ArtFund Museum of the Year
For the last four years I have been chosen to work alongside ArtFund in the making and design of their Museum of the Year Awards. The awardees have included; The Barbara Hepworth Museum, The Tate St.Ives, The V&A and The Tate Modern. All of which have a plaque designed by myself showcased proudly in their museums.
The first year the award was for the V&A. This was the first time I had worked with ArtFund so I was keen to impress making sure that what I designed was not only well made, but also clearly displayed the Museum of the Year brand and had a quirky element that intrigued the viewer. As this plaque was to be displayed in a gallery it was important for me that the design itself would hold its own against the beautifully curated pieces in the V&A.
This award was made up of 4 sheets of clear acrylic top with a sheep of Perspex’s Fluorescent Neptune Blue that reacts to UV light. Each layer had one of the “M”s in the logo laser engraved into it creating a rotating, 3D effect which looks interesting from all angles. The clean yet elegant approach perfectly suits the V&A, with its ever-changing exhibitions historic and new, a clean and timeless design fits.
The Hepworth Museum
The second year the winner was The Hepworth Museum in Wakefield with one of the runners up being The Tate Modern. Keen to make something that not only was in sync with the previous years award but also had a whole new take on the design. As I knew the award would be in places such as The Tate Modern, who was a runner up, I thought that it was important for the plaque to be a stand out piece that caught attention even amidst the most wild of exhibitions.
I decided to pitch a beautiful translucent dichroic film that not only glimmers in multiple colour depending on what angle you look at it but also has a slight reflective quality that makes the piece eye catching to a passer by. To keep continuity amongst the awards I decided to keep exactly the same engraving layout for the top layer and the bottom layer was to have the film stuck to it, sandwiching it between the two sheets of acrylic. After this design I realised that I was the materials that were going to be the focus of the plaques from now on, being the uniques change year by year.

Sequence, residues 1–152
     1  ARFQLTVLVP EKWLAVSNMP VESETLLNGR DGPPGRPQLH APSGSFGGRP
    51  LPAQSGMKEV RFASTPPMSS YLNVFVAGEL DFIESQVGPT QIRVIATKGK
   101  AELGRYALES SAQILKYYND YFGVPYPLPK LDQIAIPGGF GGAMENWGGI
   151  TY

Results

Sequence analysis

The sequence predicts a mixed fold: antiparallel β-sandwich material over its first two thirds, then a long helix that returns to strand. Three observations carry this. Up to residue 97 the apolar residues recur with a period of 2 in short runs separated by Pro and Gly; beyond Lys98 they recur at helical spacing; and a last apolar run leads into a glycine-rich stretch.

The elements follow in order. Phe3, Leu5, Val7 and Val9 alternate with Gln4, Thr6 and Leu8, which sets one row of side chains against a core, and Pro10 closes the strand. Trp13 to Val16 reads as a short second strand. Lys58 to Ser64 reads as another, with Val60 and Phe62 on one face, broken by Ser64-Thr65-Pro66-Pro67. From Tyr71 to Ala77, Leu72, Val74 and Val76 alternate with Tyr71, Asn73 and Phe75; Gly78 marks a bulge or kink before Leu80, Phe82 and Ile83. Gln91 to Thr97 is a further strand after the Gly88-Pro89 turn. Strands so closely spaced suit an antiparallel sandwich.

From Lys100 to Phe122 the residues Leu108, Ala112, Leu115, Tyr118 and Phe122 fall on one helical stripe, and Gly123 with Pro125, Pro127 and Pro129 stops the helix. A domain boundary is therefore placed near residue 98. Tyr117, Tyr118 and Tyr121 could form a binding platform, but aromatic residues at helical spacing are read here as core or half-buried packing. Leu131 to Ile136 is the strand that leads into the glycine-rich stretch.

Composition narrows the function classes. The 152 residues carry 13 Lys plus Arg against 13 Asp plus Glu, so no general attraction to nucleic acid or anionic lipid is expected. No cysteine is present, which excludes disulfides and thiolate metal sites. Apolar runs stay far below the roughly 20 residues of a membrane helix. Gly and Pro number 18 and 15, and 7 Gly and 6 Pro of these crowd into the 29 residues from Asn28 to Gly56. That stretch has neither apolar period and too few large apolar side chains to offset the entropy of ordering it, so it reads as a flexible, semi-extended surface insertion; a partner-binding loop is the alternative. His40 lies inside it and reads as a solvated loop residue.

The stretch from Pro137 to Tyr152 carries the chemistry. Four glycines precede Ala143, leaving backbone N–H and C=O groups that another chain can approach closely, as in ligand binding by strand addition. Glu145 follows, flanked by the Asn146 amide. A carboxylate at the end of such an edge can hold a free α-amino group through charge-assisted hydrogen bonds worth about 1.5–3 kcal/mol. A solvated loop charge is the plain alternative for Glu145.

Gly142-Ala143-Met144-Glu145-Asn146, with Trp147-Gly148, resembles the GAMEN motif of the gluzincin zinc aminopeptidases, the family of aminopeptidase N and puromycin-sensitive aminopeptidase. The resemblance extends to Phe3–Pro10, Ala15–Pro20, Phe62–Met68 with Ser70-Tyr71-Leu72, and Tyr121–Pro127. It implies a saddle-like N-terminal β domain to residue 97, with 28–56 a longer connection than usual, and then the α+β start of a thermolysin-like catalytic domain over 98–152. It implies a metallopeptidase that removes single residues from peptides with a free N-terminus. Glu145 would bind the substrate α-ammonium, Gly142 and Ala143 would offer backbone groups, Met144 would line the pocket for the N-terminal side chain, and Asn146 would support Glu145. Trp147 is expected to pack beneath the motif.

The third year the winner was The Tate St Ives. Keeping the same previous layout as the last two awards I once again focused on the material that was to be used. I opted for an acrylic that had coloured yarns cast inside the sheets, cross crossing over the sheet at different depths. I found out about this type of acrylic as I had recently been sent a set of examples from who were keen for me to get in touch to use their unique designs in some new projects. This material perfectly suited The Tate St.Ives. Located in a creative hub in Cornwall the “crafty, handmaid” element to the design fit perfectly with the towns spirit.
When making the plaque I opted to print on the front of the plaque, using the Roland Direct to Surface UV Printer, instead of the usual engraving as this stood out better against the predominantly clear acrylic. I also sandwiched the cast acrylic in-between two clear sheets to add depth and finally backed it with a sheet of white to make sure the pattern wasn’t lost to the wall material in would eventually be mounted on.
Here at Lasercut.London it is all about the details, and making sure I can not only off you the best quality service, but also the best materials advice I can offer is a number one priority. I look forward to making the design for this years winner and to continue working with ArtFund in the future.